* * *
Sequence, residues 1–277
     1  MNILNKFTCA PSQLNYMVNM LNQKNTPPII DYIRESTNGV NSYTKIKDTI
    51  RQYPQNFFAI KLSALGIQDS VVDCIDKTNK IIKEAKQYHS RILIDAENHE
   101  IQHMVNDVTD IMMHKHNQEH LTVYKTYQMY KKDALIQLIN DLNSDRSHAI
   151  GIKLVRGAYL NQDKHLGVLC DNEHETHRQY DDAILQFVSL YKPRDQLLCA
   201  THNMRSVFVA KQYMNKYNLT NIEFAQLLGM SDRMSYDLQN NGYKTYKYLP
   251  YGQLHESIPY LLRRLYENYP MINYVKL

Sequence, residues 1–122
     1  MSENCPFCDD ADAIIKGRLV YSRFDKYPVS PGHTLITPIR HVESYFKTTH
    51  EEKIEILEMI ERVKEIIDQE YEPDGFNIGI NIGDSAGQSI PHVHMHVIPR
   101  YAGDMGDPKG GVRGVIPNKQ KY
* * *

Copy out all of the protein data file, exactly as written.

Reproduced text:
Sequence, residues 1–277
     1  MNILNKFTCA PSQLNYMVNM LNQKNTPPII DYIRESTNGV NSYTKIKDTI
    51  RQYPQNFFAI KLSALGIQDS VVDCIDKTNK IIKEAKQYHS RILIDAENHE
   101  IQHMVNDVTD IMMHKHNQEH LTVYKTYQMY KKDALIQLIN DLNSDRSHAI
   151  GIKLVRGAYL NQDKHLGVLC DNEHETHRQY DDAILQFVSL YKPRDQLLCA
   201  THNMRSVFVA KQYMNKYNLT NIEFAQLLGM SDRMSYDLQN NGYKTYKYLP
   251  YGQLHESIPY LLRRLYENYP MINYVKL

Sequence, residues 1–122
     1  MSENCPFCDD ADAIIKGRLV YSRFDKYPVS PGHTLITPIR HVESYFKTTH
    51  EEKIEILEMI ERVKEIIDQE YEPDGFNIGI NIGDSAGQSI PHVHMHVIPR
   101  YAGDMGDPKG GVRGVIPNKQ KY